“In a striped dolphin school, only up to one-third of the school is visible at the surface. What scale and trust would it take to rotate our roles, to work not to fulfill a gendered lifetime ideal (husbandwifemotherfatherdaughterson) but to show up and sink back, knowing there is enough of all the forms of nurturance to go around in cycles?”
-Alexis Pauline Gumbs, Undrowned: Black Feminist Lessons from Marine Mammals
I’ve been thinking about the different roles I take up in this dolphin school community of mine. Cook, sometimes, on lazy Sunday mornings, and sharer-of-food on Sunday night when a friend comes over or Thursday night when I go over to a friend’s. Teacher. Student. But more than those nouns, I’ve been thinking about the ways we show up and sink back. On Saturday I talked for almost two hours with a friend I’ve been missing for months. It was wonderful, and now it might be another few months until we have a chance like that again. The other day on the bus I leaned my head on the window and watched the water bead down the glass. I forgot my keys, and a friend let me into the office. I bought another friend nachos. I heard about someone’s break. Someone asked me, “How do you make community,” and I said “I don’t know,” and we talked about it for a while.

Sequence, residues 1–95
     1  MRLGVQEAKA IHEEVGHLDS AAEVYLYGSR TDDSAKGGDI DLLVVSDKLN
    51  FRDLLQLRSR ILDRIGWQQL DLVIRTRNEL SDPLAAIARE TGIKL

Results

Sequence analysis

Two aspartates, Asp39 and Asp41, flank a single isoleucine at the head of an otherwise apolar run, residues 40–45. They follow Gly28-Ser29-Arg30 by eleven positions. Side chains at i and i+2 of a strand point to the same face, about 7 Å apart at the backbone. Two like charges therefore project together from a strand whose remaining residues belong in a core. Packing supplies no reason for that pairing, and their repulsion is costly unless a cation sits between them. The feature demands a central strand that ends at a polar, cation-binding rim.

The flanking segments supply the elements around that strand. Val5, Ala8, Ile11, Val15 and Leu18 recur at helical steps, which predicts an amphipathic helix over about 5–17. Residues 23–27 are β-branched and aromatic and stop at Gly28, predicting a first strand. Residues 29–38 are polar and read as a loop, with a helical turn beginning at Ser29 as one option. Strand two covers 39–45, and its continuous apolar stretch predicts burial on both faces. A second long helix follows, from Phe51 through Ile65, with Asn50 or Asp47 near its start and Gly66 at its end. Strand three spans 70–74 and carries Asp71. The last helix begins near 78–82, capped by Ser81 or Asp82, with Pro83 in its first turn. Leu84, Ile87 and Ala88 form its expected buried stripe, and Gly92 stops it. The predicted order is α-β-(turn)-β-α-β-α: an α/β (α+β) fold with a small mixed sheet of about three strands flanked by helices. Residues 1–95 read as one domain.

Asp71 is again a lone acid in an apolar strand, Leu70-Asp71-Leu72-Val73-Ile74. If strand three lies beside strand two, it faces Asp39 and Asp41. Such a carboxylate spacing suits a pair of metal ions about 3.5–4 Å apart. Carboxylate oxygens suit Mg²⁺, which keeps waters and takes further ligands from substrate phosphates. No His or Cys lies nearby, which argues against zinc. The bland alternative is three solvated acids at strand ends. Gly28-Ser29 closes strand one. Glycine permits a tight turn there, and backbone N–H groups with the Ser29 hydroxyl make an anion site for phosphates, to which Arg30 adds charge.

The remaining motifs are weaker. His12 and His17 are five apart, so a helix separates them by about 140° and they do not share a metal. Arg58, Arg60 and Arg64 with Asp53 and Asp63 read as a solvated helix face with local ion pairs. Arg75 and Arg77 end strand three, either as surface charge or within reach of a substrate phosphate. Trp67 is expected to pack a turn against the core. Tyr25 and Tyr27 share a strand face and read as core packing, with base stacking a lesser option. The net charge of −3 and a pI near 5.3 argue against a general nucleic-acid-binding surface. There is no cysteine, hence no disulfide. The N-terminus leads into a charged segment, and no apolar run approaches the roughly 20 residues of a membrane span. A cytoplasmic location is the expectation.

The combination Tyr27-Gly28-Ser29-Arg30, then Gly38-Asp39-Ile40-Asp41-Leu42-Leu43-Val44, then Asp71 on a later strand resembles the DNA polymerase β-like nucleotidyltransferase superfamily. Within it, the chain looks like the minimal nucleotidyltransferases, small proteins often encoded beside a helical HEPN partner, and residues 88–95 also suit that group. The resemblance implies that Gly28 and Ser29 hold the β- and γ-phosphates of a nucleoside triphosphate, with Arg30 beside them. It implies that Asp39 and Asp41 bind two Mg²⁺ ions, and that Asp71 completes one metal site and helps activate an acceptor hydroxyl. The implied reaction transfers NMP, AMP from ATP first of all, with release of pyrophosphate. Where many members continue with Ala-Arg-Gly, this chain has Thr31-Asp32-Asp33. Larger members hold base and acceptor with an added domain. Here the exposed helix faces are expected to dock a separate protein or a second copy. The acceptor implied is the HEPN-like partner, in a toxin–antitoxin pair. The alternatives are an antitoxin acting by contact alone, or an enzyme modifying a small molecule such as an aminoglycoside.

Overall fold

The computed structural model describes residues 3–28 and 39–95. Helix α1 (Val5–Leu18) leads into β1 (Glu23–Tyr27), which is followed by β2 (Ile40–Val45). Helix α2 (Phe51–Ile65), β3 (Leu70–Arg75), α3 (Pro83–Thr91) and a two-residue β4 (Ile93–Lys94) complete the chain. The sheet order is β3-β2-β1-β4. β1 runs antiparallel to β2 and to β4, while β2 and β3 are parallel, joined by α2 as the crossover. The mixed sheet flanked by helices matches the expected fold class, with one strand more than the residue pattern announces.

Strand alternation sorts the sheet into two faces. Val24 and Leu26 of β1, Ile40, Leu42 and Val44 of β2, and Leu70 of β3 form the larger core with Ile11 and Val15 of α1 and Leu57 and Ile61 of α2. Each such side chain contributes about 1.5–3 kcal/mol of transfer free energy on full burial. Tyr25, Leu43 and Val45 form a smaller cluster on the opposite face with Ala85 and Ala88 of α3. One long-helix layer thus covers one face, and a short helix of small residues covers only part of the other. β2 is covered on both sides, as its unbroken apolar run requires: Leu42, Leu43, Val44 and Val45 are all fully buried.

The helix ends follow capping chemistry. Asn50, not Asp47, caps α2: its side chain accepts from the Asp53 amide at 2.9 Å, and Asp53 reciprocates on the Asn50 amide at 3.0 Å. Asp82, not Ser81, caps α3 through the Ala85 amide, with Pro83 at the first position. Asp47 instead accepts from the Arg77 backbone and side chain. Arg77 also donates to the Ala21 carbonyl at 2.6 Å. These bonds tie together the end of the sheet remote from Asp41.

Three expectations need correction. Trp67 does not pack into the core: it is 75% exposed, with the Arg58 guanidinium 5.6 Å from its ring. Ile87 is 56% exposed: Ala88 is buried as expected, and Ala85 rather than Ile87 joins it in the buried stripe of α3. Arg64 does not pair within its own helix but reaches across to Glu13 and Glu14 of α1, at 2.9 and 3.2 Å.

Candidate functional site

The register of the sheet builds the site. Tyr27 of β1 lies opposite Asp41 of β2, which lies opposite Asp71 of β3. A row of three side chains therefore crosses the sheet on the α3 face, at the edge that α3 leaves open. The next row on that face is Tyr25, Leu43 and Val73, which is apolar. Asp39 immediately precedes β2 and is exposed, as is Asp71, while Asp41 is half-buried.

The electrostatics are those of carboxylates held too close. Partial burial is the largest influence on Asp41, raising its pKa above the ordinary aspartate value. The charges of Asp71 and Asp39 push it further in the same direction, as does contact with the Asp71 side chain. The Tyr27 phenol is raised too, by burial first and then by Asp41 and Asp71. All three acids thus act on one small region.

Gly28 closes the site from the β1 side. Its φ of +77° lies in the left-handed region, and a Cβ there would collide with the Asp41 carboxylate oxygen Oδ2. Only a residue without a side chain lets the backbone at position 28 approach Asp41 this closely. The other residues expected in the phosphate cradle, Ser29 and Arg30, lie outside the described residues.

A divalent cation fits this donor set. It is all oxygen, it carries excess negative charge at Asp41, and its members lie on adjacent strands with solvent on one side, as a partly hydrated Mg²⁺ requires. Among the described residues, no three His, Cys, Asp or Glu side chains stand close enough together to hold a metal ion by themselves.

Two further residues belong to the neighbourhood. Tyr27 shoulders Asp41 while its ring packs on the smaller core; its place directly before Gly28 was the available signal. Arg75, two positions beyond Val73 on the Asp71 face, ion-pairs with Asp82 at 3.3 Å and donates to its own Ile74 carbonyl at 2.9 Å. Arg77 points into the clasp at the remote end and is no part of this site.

All this becomes a thought about community, about our interweaving lives. About the chance to be nurtured by (and to help nurture) so many of the swimmers around me in some many changing ways. I’m so grateful for that school, and for all the ways it teaches me — lets me — inspires me — to be part of it.